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Withlacoochee River (South) #1

Withlacoochee River (south) #1 :  Trails End – Outlet River   Group size: 1 – 24 people Trip length: 3.5 – 4 hours Skill level: Intermediate – advanced Cost: This one is $50 per person ($39 for “wanna go” members). With your own boat it’s $40 per person ($29 for members). The launch site is about 1.5 hour drive south from Gainesville. Description This is a nine mile stretch on relatively quiet waters. We’re usually on the water about 3.5 – 4 hours (including lunch stop in a long abandoned orange grove that still yields lots of  fruit).   The Withlacoochee River has been designated one of the State’s “Outstanding Waterways” and this section is about as outstanding as it gets. The only houses we see for the entire trip are those at the small fish camp at our launch site. I call this the “Trails End” section of the Withlacoochee River, in honor of the Trails End Camp where we launch. Our trip ends about nine miles downstream at Marsh Bend Park on Outlet River (a mile long stream connecting Lake Panasofkee to Withlacoochee River).   For much of it’s hundred mile length, the Withlacoochee carries itself with a subtle beauty that is unlike any other Florida river. The section we’ll be exploring on this trip is one of the finest. Sandwiched between two large wetlands, Wahoo Swamp to the south and the Tsala Apopka wetlands to the north, time and civilization have never stood a chance here.   In addition to being relatively devoid of human enterprise or habitation, this part of the Withlacoochee has a great diversity in appearance, ranging...

Withlacoochee River (South) #2

  Withlacoochee River (S) #2 : The Limpkin Patch   Group size: 1 – 24 people Trip length: 3.5 – 4 hours Skill level: Intermediate – advanced Cost: This one is $50 per person ($39 for “wanna go” members). With your own boat it’s $40 per person ($29 for members). The launch site is about 1.5 hour drive south from Gainesville.   Description   On this easy, out-and-back paddle, we usually cover about 4 – 5 miles of relatively quiet waters. We’re usually on the water about 3 – 3.5. The Withlacoochee River has been designated one of the State’s “Outstanding Waterways” and this section is about as outstanding as it gets. The only houses we see for the entire trip are a few near our launch site.   For much of it’s hundred mile length, the Withlacoochee carries itself with a subtle beauty that is unlike any other Florida river. The section we’ll be exploring on this trip is near the Tsala Apopka wetlands, historically a favorite refuge for Native Americans and currently a refuge for a vast array of wildlife.   In addition to being relatively devoid of human enterprise or habitation, this part of the Withlacoochee has a great diversity in appearance, ranging from relatively narrow channels to broad expanses nearly a half mile wide. The low swamp forests lining the bank are dominated by cypress with a nice mix of gum, ash and red maple.   The river itself alternates between open expanses of water to large areas of marsh. Some of these marshes are in the form of floating mats of water hyacinth, pickerelweed, bur marigold and climbing hemp vine,...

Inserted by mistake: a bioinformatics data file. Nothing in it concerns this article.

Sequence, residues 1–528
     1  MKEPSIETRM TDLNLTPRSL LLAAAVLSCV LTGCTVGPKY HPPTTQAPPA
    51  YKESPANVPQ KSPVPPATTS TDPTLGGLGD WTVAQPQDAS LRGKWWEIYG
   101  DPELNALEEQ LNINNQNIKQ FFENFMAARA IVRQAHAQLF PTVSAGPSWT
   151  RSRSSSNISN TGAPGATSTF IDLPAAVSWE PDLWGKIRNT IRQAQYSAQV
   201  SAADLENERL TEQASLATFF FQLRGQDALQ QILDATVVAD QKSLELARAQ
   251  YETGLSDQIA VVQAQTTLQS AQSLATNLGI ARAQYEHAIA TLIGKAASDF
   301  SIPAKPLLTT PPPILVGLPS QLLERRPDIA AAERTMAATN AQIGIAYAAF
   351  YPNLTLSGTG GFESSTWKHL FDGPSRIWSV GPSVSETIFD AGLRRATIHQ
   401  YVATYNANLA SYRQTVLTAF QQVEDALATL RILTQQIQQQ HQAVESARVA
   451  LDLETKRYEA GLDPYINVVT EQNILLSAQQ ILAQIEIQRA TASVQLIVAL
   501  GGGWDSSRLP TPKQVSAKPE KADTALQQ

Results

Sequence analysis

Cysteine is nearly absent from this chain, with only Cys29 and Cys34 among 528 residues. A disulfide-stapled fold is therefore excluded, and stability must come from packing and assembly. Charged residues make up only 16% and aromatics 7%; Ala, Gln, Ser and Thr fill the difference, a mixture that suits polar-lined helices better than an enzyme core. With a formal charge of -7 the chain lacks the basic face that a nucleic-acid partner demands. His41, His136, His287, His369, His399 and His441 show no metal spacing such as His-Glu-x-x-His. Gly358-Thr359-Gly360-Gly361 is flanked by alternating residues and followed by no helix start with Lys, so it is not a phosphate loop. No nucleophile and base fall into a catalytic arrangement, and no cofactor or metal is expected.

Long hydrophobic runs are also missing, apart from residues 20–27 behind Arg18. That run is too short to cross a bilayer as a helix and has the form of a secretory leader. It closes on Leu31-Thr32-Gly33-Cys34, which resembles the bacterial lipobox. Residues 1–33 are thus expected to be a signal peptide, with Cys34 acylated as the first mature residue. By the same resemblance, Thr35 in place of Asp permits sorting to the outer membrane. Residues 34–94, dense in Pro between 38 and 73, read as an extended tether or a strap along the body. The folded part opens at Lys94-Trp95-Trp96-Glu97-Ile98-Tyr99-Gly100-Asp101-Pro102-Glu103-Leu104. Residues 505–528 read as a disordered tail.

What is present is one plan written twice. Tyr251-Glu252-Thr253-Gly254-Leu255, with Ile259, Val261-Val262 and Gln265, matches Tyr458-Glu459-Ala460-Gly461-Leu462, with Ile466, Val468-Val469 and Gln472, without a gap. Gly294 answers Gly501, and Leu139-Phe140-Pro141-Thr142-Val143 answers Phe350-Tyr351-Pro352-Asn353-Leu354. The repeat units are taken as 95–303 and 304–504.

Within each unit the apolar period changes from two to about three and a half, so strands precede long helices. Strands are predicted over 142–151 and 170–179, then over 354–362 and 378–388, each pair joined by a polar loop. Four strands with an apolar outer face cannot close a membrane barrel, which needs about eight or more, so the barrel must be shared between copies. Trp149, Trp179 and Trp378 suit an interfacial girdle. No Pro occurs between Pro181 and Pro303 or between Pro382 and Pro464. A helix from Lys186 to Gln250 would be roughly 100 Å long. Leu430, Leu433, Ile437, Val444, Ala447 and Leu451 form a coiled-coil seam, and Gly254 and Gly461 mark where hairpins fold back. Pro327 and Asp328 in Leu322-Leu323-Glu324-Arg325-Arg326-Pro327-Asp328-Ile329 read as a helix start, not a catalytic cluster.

Prairie Creek

Prairie Creek Kayak and Canoe Tour  Group size: 1 – 24 people Trip time: 2.5 – 3 hours Skill level: Intermediate – Expert Cost: $50 per person ($39 for “wanna go” members). If you bring your own boat it’s $40 per person. ($29 for “wanna go” members)   Description  Located about 20 minutes east of Gainesville, Prairie Creek connects two of North Central Florida’s most popular havens for wildlife watching, Newnans Lake and Paynes Prairie. So, it’s no surprise that a paddle down this winding, dark-water, creek offers a variety of plants and animals. We usually see a number of water birds, and if you watch closely, you’ll probably spot a few turtles sunning on logs and branches debris on the riverbank. We begin this journey on Newnans Lake. The dense marsh thickets that sprouted during droughts a few years ago are still thriving, as is the abundant wildlife that loves such places. Around the edges of these marshes, American lotus plants are at the tail end of their bloom. While many are still displaying their showy yellow flowers, most are sporting the odd looking seed heads that are commonly seen in flower arrangements.   As your boat glides into the mouth of Prairie Creek, you’ll realize you’ve discovered one of Gainesville’s least-known natural treasures. For most of it’s run, Prairie Creek courses through a mature forest of mixed hardwoods and cypress which form a dense, closed canopy overhead. Most years, seasonal rains cause the creek to brim and spill over the low, sandy banks into the forest. This keeps the understory relatively free of vegetation and allows good viewing into the forest. As our journey carries us closer to...